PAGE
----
As political and social pressure mounts to adopt more sustainable energy practices, there has been a burst of research aimed at developing new energy sources and improving existing technologies. One of those existing technologies is biomass, which has exploded in popularity for a number of reasons.
At the beginning of February, President Barack Obama unveiled a new strategy aimed at reinvigorating the production of biofuels in the United States. With the stated goal of reducing America’s dependence on foreign oil, Obama announced that the Environmental Protection Agency had tripled its mandated U.S. biofuel production target from the 11.1 billion gallons produced in 2009 to 36 billion gallons by 2022.
While the new production target would eat into U.S. dependence on oil (328 million barrels per year) and cut America’s greenhouse gas emissions (138 metric tons per year), the real motivation is far more simple. Other countries are racing ahead of the U.S. in developing what Obama referred to as a “clean energy economy.”
While not as flashy as solar or wind power, this particular flavor of green energy – which is also referred to as bio energy or biopower – has been around for more than a century and is one of the most developed alternatives to petro fuels.
“When you compare it to solar, wind and other renewable energy options, biomass is among the nearest term and lowest cost, so it’s no surprise that it’s getting a lot of attention right now,” says David Jackson, segment leader for biopower with Siemens Industry, Inc., who adds that biomass is the fastest growing renewable energy industry.
In the 1880s Henry Ford used ethanol to power one of his first automobiles, the quadricycle, and gasohol was the standard fuel for cars until petro fuels became cheap and abundant following the second world war. It wasn’t until the energy crisis of the 70s and the sudden scramble for alternatives to those formerly cheap and abundant petro fuels that biomass started making a comeback.
Today the options are wide and varied. Almost anything can be used as feedstock: corn stover, sugarcane tops, animal waste, switch grass, hemp, wheat straw, woody materials, algae, etc., to produce biofuels such as Biogas, Bioethanol, Biobutanol and Biodiesel, which can be used to heat homes, run automobiles and just generally keep the lights on.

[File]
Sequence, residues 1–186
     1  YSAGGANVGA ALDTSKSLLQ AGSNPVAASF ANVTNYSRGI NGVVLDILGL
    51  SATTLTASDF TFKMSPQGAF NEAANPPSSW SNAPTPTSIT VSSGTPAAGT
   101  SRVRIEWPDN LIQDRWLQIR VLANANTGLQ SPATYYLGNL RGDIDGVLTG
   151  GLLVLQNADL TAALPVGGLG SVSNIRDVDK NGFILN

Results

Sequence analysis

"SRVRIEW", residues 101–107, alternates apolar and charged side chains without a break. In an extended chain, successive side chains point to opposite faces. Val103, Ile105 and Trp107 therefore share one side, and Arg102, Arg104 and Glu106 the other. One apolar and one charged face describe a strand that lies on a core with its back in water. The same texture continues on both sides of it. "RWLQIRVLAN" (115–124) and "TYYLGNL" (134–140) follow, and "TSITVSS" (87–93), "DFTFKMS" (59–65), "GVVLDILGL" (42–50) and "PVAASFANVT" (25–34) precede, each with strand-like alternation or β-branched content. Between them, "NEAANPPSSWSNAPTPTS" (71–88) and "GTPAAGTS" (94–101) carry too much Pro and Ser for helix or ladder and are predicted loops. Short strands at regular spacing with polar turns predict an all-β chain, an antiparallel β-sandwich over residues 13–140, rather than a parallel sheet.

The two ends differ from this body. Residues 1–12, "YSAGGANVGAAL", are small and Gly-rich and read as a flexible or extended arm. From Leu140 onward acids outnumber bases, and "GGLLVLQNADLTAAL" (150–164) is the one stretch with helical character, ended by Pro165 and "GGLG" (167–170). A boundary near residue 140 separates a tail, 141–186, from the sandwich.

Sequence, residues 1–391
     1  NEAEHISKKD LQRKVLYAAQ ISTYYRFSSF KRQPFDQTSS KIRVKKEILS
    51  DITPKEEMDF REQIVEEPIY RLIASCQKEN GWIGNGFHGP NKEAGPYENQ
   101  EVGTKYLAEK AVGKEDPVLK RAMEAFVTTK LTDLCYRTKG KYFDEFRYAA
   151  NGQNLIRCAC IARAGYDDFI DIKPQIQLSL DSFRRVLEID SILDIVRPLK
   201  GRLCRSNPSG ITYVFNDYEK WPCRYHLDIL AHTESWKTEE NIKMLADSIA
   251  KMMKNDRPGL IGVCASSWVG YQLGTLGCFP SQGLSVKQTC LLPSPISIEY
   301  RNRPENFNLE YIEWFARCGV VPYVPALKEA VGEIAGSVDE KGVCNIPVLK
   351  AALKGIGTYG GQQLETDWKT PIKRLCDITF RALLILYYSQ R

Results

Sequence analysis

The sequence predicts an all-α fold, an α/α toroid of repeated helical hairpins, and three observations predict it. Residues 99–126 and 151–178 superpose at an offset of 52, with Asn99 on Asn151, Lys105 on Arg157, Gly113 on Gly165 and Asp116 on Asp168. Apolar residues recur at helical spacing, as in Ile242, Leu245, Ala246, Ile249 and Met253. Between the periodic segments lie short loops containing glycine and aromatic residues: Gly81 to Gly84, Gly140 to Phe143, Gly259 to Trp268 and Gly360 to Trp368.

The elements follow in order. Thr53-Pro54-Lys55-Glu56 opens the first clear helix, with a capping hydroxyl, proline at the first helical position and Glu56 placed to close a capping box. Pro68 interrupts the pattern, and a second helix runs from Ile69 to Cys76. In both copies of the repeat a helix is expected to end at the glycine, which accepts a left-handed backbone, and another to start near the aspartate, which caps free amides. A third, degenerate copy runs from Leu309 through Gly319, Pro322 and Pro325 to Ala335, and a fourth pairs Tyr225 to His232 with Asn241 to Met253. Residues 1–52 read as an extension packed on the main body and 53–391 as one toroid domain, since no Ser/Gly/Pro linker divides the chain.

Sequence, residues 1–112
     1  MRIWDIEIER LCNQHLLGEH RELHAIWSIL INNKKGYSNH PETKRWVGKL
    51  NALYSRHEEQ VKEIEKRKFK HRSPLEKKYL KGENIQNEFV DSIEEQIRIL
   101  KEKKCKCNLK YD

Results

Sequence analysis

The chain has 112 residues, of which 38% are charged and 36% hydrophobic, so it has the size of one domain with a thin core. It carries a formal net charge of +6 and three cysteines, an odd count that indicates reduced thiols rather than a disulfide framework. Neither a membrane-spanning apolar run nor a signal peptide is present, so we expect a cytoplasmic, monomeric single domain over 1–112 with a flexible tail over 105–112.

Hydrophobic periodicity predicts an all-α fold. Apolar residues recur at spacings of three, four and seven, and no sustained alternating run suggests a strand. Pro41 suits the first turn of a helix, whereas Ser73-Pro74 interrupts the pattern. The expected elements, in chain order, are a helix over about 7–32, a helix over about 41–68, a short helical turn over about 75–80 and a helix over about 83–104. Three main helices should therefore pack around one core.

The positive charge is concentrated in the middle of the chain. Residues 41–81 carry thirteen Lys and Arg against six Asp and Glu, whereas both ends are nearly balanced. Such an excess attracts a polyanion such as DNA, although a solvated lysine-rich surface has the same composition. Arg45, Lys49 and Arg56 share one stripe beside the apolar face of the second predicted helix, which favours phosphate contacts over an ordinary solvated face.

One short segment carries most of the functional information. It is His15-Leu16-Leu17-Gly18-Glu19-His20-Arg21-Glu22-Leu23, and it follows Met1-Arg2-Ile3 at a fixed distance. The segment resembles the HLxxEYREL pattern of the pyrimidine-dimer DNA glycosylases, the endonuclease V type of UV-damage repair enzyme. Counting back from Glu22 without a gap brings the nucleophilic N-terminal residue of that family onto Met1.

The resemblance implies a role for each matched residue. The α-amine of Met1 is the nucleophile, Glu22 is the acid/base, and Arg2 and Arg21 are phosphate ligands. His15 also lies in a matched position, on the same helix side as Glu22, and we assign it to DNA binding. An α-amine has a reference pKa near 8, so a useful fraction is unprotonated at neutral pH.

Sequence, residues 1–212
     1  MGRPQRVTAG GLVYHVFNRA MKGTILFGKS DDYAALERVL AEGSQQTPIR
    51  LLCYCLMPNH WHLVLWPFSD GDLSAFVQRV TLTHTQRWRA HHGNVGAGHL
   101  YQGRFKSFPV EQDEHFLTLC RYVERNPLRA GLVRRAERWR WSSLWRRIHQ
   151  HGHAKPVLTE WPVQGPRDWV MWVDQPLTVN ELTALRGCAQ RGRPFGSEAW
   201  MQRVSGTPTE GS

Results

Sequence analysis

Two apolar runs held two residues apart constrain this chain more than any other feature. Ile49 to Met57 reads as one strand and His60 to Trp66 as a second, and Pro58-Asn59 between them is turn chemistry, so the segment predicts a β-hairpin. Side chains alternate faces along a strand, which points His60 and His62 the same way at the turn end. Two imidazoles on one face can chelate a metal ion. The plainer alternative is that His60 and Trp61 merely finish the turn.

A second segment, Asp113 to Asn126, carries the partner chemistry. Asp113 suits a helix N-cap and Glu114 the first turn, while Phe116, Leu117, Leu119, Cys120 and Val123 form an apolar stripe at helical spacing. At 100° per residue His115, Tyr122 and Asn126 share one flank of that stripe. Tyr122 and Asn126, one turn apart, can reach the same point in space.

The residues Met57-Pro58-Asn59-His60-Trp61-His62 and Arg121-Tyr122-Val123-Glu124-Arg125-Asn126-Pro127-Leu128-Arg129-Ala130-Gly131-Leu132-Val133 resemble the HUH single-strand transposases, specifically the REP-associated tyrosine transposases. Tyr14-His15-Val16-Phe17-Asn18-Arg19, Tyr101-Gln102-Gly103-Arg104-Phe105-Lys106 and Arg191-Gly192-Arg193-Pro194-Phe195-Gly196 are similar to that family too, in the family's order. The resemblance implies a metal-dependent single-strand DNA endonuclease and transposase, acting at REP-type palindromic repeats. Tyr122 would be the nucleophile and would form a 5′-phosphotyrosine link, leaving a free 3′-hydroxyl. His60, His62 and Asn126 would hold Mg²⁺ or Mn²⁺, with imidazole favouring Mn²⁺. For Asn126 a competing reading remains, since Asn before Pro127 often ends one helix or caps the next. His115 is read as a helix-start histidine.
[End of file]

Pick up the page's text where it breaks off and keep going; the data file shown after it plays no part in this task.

“Biomass has a lot going for it,” insists Jackson, who immediately enumerates some advantages: “First off, it is renewable and therefore environmentally sustainable. Feedstock sources are local, common and low cost. Biogas is also based on proven technology. The science is relatively mature. We know it works. Finally, it can turn a cost center into a part of the business that generates revenue. It’s becoming more and more expensive to take stuff to the landfill. Biomass enables you to divert that, reducing or eliminating the cost of waste, and turn it into something you need: energy.”
Carpet manufacturer saves $2.5 million
Jackson points to Dalton, GA-based Shaw Industries as a case in point.
The world’s largest broadloom carpet manufacturer, Shaw, called Siemens to help develop a process for converting carpet and wood waste into steam energy, which is then used to drive manufacturing operations and thus reduce the company’s reliance on coal and fuel oil. The results were rapid and significant. The plant provided by Siemens consists of fuel preparation equipment, a gasification unit and a waste heat steam production unit, and can convert six tons of waste wood into 50,000 pounds of high quality process steam per hour. The effect on the bottom line? $2.5 million per year.
Siemens has been involved in all aspects of energy production for years – in fact, at one point or another in the generation or transmission process, about 40 percent of America’s electrical power touches a Siemens solution or component – and has a long history with the biomass industry.
How it works:
According to Jackson, converting the feedstock into a form that can be used to generate energy requires the application of relatively simple processes. “There are several technological options available for this and the best one to use depends on which feedstock you are using. You can go with thermal conversion, which will release the energy directly as heat or electricity, or opt for a chemical conversion which will convert it into a different form which is more easily used, like liquid fuel or biogas.”
Thermal conversion can happen in three primary ways:
- Combustion, (including co-firing – mixed coal/biomass combustion)
Combustion is straightforward. The feedstock is burned, similar to coal and oil, to make electricity. Pyrolysis is the chemical process associated with the decomposition of biomass materials. It is a heating process that doesn’t rely on the involvement of oxygen. Gasification involves processes that turn parts of solid biomass materials into gas.